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    1. Crap! I got distracted, and all bucked up over that beautiful buck, and sent my comment before thanking you for mentioning my influencing you to do the unmentionable. Moon on my man!

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      1. You are quite welcome Tim – I think of your shots every time I look into the night sky (and when I look at our boring day sky). We should call you Major T[i]m – second thought, that didn’t turn out well for him in the song, scratch that hehehehe. Keep inspiring me.

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    2. Ha, a great way to start the day! Luckily there were no lunatics on the grass when these shots were taken. Isn’t that buck a beauty!?! For all I know it had been standing there the whole time just watching and laughing at me trying to take pictures of that moon. As I always say, it’s the clever and smart ones that survive long enough to earn those racks!

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          1. Both. But mainly the bucks to get their racks. It’s interesting that it’s the males of the Cervidae family that develop nice racks.

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  5. Total fun, and you managed to get great depth of field. But… I gotta ask: in your eighth photo (the first warm-toned one), up near the north pole of the moon, there is a black shape. My first thought was that you managed to snap the silhouette of the ISS flying by, but I think the dark shadow is too large… or, maybe a Texas mosquito, but the shadow is too small πŸ™‚ Now I’m speculating that your bird-photography luck kicked in, and you got an in-focus bird silhouette against the face of the moon. Perhaps the shots just before and just after might shed some light?

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    1. Interesting… I need to go back and check that – moved off to my NAS long term storage. Will post back as soon as I verify that. I think a Texas Mosquito (with a belly full of my precious blood) is a high probability. Keen eye there Sam, now I am very curious. Stay tuned.

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    2. Well Sam, I must say you have an incredible eye for detail. Went back and pulled the image off the NAS drives (along with ones before and after it). With the image itself I reduced the black level sliders and just by doing that revealed the answer to the mystery! Texas Mosquito is still and outside chance, but from the formation of the other silhouettes up and to the left I’d say it is indeed a bird. I’d like to say I planned that, but then I would have taken the shot when the entire flock was crossing through the moon (I checked, I missed that). I think this link will get you to the enhanced image: https://eddiesoft.smugmug.com/Wildlife/Wildlife-Vacations/Texas-January-2022/i-ZCLkNLH/A If that fails I’ll try a different way. Moon got a little wonky playing with that slider, but it at least shows the formation. Great catch.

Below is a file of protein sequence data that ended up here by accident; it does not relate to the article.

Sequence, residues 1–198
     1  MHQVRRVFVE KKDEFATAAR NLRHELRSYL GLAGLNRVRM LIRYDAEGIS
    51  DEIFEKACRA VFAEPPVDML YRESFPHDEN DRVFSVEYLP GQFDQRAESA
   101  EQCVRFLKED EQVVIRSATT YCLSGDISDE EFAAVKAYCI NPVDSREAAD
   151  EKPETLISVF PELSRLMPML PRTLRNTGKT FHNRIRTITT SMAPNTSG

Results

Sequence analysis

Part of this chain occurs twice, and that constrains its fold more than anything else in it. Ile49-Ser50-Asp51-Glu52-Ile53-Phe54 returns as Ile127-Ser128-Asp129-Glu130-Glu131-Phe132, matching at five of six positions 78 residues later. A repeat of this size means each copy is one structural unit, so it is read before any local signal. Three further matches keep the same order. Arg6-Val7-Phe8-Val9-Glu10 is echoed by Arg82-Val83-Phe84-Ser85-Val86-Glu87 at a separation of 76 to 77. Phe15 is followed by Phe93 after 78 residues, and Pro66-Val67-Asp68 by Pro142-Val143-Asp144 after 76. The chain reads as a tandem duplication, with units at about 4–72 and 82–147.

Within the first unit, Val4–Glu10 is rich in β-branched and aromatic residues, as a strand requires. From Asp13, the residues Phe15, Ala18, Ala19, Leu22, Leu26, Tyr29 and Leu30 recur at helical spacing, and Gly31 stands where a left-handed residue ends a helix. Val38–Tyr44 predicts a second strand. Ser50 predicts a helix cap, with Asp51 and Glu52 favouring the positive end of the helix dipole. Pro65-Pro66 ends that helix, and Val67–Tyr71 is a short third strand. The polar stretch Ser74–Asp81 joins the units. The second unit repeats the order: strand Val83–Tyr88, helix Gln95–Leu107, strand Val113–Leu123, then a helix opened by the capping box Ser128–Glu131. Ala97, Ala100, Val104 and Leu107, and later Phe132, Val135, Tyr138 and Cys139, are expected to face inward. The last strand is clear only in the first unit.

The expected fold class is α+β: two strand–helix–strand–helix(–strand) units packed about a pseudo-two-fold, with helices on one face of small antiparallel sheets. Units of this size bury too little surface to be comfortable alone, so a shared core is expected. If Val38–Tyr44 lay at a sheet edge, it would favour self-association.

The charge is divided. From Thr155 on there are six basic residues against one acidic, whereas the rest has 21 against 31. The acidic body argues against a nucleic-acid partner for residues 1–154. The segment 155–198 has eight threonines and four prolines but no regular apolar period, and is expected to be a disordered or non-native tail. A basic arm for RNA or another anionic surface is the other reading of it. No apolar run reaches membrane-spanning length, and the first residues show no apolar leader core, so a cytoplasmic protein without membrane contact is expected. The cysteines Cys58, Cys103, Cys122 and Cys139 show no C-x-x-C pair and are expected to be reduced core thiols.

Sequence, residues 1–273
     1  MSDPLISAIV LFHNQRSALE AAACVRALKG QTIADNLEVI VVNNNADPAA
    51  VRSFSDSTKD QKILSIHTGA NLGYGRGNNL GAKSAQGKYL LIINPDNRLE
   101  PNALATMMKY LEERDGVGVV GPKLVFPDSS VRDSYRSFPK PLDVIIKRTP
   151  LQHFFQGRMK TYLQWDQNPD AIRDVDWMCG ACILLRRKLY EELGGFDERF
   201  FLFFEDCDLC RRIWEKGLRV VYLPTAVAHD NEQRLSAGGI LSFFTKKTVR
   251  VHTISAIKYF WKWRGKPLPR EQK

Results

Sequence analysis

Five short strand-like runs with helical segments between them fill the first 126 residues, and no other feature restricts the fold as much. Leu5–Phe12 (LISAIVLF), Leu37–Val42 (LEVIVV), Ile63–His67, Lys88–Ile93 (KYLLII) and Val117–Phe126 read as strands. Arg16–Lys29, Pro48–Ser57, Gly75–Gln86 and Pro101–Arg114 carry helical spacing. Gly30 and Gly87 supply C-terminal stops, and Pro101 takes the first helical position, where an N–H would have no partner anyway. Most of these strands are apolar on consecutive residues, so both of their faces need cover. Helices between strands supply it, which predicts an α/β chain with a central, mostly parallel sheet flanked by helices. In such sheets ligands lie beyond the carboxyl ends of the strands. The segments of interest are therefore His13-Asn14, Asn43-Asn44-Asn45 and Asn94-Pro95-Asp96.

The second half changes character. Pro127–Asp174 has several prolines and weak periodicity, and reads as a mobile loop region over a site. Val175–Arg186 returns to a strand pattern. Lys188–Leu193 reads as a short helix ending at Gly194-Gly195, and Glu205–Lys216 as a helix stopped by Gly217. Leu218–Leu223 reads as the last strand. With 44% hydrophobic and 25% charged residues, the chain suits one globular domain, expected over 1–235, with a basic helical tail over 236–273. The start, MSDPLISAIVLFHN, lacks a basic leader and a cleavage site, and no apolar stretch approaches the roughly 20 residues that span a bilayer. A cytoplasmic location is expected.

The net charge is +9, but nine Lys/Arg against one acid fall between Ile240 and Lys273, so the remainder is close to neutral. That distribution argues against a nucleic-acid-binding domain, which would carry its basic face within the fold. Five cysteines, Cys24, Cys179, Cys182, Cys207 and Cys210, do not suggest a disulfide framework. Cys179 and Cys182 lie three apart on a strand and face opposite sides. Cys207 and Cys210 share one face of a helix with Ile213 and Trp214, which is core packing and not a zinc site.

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  6. Very nice moon shots! I can empathize with your attempts at figuring out settings for an unfamiliar subject as I’ve just gone through a similar learning curve. Well, STILL trying to learn, actually.

    Impressive buck gave you a nice look.

    Deer me, I may be becoming a lunatic.

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    1. We are always learning Wally, problem is I am forgetting faster than I learn these days. As far as the lunatic front.. just make sure the band you’re in doesn’t start playing different tunes… and stay off the grass hehehe. Appreciate you dropping in – really been enjoying all your posts – bringing back memories of our recent trip to your wonderful state.

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    1. I’m aware of the approaching eclipse, we are still making our plans for next year’s travels, but right now nothing special is planned beyond what we can see wherever we naturally end up.

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      1. We already booked a place, but had a very hard time finding a place along the center line 16 months in advance. Good luck finding a parking space.

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    1. Thank you Cheryl – a bit of deviation for me and need to get a little better at the settings if I want to bring you more of these in the future (lots of the shots made it into the bit bucket). Hard enough keeping all the preferred bird settings in my head – adding another genre seems daunting at the moment. I always enjoy a full moon, especially on those long ultra trail races (most of them start in the dark and end in dark…or the light again ha). Appreciate you dropping in, always enjoy your perspectives.

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  7. I am so impressed with your moon shots! I have never been able to capture a good shot of the moon, and I have to admit I’m a bit envious. I am also a little envious of your buck. We live in Texas, have traveled to and camped at a lot of the state parks, and all we’ve ever seen are does and fawns. Bucks seem pretty elusive. Great job!

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    1. Thank you so much (if you only saw the number I had to delete ha). That was certainly a nice looking buck (worthy of better shots for sure). Predominantly we see the does, but we have the privilege of seeing a fair number of bucks out and about as well. They generally move pretty late in the night, although come rut, it becomes a bit scary driving down the country roads. Keep in mind, out of season the bucks drop there antlers, so you may be seeing more males than you think depending on the time of day. Appreciate you coming by Mike/Kellye, always a pleasure.

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    1. Thank you Lisa. I am happy with this set of shots, but admittedly there was a shocking amount of snaps that ended up in the bit bucket. I guess that can be expected with a new endeavor, but thank god we are not back in the film days. Take care and hope everything is going as well as it can out there.